Legal migration to a new country is a constant search for opportunities and freedoms. In Spain, the Immigration Law establishes the terms and conditions for the temporary residence of foreigners. However, recently, the Supreme Court has issued a crucial ruling that impacts on this dynamic, highlighting the importance of free movement and fundamental rights.

In short: foreigners holding temporary residence permits in Spain will no longer be subject to the rigorous requirements that existed before.

Supreme Court ruling: freedom of movement in the spotlight

In an important ruling, the Contentious-Administrative Chamber of the Supreme Court has declared null and void an article of the Regulation of the Law on Foreigners that establishes that the temporary residence authorization in Spain may be terminated if a foreign citizen remains outside the country for more than six months in a year.

This implies that, with this new precedent, anyone with a Spanish temporary residence permit will be able to go abroad for more than six months in a year without worrying about the validity of their permit.

This ruling highlights the primacy of the free movement of foreign citizens with temporary residence in Spain. The court argues that the limitation of this fundamental right can only be imposed by means of a rule with the rank of an organic law, not through a regulatory rule as had been done in this case.

This approach reflects the importance of safeguarding the rights of persons who have chosen Spain as their temporary residence.

Rights and regulations

The Supreme Court ruling highlights that none of the articles of Organic Law 4/2000, which addresses the rights and freedoms of foreigners in Spain, supports the provision of the Regulation. Furthermore, this judgment aligns with European directives, which stress the need to maintain a balance between regulation and individual rights in the context of migration.

This judgment originates from an appeal filed by a citizen of Iran.

The Government Subdelegation in Gerona had revoked his temporary residence and work authorization due to his absence from Spain for more than six months, following the provisions of the Regulation. The initial decision was based on a report from the Border Post at Barcelona-El Prat Airport.

A decision that empowers immigrants

The Supreme Court's ruling not only represents a step forward in the protection of fundamental rights, but also has a direct impact on those who have undertaken the migratory journey. The court has reiterated that temporary departure from Spanish territory during the six-month period cannot result in the termination of the temporary residence permit.

The judgment is based on a precise interpretation of the cause for revocation of temporary residence. It focuses on the obligation to remain in Spanish territory for the specified period, rather than imposing a mandatory travel restriction. The Court acknowledges that the Ley de Extranjería does not establish such an obligation and stresses that any such limitation must be contemplated through an Organic Law, not a regulatory rule.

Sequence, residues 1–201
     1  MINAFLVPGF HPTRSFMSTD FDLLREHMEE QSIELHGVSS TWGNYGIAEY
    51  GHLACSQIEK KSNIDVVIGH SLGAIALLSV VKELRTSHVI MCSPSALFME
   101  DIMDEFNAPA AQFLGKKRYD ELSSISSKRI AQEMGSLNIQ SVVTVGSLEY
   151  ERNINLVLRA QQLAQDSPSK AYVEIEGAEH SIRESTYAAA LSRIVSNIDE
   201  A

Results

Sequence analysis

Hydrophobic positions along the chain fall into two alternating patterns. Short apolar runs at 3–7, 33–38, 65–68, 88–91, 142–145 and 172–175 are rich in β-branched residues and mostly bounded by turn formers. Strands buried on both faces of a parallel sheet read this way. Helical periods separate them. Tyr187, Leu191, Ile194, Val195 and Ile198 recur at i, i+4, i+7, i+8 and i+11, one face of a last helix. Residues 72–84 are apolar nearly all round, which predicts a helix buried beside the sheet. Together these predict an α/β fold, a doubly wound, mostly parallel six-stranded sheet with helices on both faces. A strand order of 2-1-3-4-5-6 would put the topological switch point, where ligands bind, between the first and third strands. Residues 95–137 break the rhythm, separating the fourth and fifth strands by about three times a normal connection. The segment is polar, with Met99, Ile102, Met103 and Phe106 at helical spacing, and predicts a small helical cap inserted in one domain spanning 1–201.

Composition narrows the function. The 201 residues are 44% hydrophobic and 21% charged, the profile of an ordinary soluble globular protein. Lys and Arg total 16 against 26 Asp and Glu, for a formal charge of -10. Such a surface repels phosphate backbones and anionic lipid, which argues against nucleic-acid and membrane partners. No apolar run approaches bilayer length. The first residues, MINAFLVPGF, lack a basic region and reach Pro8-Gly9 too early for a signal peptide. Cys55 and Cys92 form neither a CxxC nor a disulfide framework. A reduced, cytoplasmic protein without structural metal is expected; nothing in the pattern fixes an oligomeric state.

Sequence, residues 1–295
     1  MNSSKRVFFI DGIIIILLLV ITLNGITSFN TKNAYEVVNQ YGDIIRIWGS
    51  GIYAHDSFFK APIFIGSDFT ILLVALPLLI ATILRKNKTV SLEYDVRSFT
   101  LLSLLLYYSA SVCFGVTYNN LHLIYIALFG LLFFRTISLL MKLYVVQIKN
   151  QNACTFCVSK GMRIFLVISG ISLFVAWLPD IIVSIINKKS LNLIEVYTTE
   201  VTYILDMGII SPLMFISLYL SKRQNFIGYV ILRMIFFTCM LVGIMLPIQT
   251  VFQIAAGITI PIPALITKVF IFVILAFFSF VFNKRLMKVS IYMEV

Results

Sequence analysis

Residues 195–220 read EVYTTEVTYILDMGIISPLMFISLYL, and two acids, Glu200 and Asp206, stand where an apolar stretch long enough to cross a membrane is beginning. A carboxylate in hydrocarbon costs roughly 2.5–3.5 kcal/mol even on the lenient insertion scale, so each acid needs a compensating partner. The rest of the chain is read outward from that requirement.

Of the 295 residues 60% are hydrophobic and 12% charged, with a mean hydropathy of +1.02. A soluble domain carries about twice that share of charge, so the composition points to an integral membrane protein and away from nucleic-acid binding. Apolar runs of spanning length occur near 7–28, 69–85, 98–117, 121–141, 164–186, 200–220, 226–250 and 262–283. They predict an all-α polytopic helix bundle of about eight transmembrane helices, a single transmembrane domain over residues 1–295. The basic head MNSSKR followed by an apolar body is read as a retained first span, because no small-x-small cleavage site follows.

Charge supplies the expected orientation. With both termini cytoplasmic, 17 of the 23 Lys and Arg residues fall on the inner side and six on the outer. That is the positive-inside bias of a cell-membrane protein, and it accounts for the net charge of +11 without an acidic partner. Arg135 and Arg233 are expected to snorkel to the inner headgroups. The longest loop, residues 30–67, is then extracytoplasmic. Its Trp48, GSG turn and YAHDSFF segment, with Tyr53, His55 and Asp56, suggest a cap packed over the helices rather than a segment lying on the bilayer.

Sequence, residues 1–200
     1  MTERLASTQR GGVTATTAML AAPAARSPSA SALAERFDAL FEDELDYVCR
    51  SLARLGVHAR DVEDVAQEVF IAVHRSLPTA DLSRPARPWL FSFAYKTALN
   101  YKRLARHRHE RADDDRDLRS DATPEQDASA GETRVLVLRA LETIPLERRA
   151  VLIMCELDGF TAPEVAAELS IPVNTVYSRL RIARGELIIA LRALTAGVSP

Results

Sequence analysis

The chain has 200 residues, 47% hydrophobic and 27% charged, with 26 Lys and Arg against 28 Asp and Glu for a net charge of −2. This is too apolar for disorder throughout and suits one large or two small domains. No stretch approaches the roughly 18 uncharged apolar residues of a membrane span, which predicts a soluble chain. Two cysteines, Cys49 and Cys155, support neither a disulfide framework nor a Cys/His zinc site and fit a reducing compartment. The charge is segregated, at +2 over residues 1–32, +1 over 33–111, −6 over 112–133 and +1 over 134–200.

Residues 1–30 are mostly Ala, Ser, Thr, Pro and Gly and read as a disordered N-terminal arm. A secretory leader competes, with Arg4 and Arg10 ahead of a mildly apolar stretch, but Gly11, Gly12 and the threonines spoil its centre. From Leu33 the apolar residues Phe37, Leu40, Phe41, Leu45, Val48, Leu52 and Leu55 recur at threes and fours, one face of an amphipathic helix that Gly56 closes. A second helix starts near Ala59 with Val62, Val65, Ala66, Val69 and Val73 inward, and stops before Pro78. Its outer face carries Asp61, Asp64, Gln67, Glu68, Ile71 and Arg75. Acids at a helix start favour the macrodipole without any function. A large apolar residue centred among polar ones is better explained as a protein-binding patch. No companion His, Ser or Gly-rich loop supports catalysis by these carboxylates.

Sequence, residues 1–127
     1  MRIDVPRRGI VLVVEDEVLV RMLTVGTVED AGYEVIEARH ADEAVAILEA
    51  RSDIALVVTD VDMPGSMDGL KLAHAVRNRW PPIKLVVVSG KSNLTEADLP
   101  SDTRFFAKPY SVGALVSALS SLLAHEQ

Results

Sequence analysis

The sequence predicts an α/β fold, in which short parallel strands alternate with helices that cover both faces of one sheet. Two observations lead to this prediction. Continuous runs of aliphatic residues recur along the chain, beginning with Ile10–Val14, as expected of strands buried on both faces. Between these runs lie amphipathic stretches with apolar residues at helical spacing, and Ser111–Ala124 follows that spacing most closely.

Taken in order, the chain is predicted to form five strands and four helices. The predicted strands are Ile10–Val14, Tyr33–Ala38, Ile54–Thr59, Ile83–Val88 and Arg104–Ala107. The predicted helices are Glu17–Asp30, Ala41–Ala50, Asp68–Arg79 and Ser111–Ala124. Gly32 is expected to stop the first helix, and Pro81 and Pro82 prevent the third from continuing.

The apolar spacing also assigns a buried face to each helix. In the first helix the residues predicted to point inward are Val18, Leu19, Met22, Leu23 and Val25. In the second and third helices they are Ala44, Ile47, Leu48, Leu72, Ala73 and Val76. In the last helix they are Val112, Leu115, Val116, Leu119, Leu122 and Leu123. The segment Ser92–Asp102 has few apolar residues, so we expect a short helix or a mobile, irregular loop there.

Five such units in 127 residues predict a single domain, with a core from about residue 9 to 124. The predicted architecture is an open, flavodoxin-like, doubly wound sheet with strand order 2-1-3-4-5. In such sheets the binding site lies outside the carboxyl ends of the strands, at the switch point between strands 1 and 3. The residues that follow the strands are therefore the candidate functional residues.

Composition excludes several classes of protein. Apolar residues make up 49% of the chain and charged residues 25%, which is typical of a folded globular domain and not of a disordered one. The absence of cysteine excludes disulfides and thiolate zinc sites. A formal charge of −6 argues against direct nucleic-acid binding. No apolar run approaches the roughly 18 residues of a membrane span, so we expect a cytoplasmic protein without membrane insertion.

However, the Spanish authorities have stressed that, notwithstanding such a decision by the country, they will be able to reinstate their previous rules if necessary.

The temporary residence permit can last up to 5 years, and once a foreigner has lived in Spain for that period, he/she can apply for a long-term residence permit.

The current rule that does not allow a foreigner to stay outside the country for more than 10 months in a 5-year period before applying for a permanent residence permit remains in force.

Looking to the future

This Supreme Court ruling marks a milestone in the field of legal migration in Spain.

In essence, it underlines the need to strike a balance between regulation and the protection of fundamental rights. Furthermore, it reinforces the principle of free movement and grants a greater degree of security to those seeking a new start in Spain.

But we must not forget that this ruling does not affect family members of European citizens, since the regime of stays outside Europe is regulated in its own regulations.


The Supreme Court's decision to declare the article of the Reglamento de Extranjería null and void is a reminder that migration is a journey of opportunities, challenges and fundamental rights. Immigrants who choose Spain as their temporary home deserve protection and respect in equal measure.

This ruling is a step forward in building a system that reflects the values of freedom and justice in the context of migration.

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